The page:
Officers in other jurisdictions also succumbed to the lure of drug-related corruption. Three Detroit police officers and one former officer were named in a Federal indictment handed down in May that accused them of being key players in a Texas-to-Michigan cocaine-smuggling ring. The officers allegedly used squad cars and police-issued weapons to carry out their activities, some of which occurred while they were on duty. Police Chief Isaiah McKinnon wasted no time in condemning the officers, saying “there is no room in the department for those who show contempt for the badge, contempt for the people they work with and, most of all, contempt for the community in which they live.”
Meanwhile, in New Orleans, the fallout continued from an FBI sting in 1994 that netted several officers who had agreed to transport and guard shipments of cocaine. The trials of several of the accused began this fall, with one of the key players in the scandal, former officer Len Davis, due to testify against former colleagues. Davis was sentenced to death earlier this year for arranging the murder of a woman who had filed a brutality complaint against him.
The taint of scandal can be utterly non-discriminatory when it comes to either agency size or the rank of the officers involved, as some cities discovered. Residents of Ford Heights, Ill., barely contained their glee at the news that six current and former police officers had finally been indicted for allegedly taking bribes to look the other way as more than 20 drug dealers conducted a brisk, brazen business in the small, impoverished town about 30 miles south of Chicago. The residents’ palpable sense of relief was a long time coming, as many said they had been aware of corruption on the force for years.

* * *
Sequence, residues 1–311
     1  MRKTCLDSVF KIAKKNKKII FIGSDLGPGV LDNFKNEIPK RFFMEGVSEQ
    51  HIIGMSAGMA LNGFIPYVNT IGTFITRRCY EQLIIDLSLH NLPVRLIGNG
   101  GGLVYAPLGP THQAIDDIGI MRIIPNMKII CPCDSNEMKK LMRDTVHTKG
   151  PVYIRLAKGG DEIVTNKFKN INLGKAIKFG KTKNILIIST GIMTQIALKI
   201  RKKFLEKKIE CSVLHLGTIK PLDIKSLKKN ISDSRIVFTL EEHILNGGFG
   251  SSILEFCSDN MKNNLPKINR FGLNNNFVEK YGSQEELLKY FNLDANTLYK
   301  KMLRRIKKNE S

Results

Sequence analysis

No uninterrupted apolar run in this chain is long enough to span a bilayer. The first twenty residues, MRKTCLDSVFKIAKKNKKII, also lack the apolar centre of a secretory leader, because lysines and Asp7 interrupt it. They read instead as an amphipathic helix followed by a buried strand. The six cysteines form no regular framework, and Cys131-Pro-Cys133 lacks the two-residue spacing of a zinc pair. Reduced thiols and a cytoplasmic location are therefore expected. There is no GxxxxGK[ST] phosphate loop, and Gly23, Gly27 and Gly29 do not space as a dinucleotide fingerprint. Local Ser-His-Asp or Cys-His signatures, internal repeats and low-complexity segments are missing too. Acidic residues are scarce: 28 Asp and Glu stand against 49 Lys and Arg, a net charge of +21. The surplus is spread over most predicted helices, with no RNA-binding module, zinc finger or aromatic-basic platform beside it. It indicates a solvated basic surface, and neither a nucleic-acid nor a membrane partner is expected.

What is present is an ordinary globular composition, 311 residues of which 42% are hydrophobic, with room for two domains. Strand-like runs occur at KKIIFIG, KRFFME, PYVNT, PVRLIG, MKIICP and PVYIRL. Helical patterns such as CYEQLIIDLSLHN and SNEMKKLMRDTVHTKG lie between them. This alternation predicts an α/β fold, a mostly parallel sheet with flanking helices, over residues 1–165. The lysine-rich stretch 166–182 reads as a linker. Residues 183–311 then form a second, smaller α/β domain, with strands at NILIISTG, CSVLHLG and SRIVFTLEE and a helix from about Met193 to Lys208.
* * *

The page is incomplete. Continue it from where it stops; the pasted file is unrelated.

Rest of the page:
Newark, N.J., Police Director William Celester, a former Boston police official who assumed office in 1991, was forced out of office in June after being named in a wide-ranging indictment charging him with several counts of malfeasance, including mail and wire fraud, tax fraud, accepting illegal gratuities, making a false statement and forging documents. In a plea bargain, Celester pleaded guilty in July to using $29,500 from a police account to pay for vacations, airline tickets, gifts for girlfriends and other personal expenses which he agreed to repay. He later claimed that he was just following department tradition in skimming the account. A Federal judge was unmoved, sentencing Celester to two years in prison.
In Indianapolis, it wasn’t wrongdoing on the police chief’s part but on the part of officers under his command that led to the resignation Sept. 16 of Donald Christ, who stepped down after 16 members of an elite police unit were accused of using racial slurs, harassing women and starting a drunken brawl. Christ, a 24-year IPD veteran, said he was leaving because he believed “it was in the best interest of the department as well as the city of Indianapolis” to do so. Two officers have been fired, two suspended and three demoted, including two supervisors. Four were indicted in October on criminal charges stemming from the Aug. 27 incident.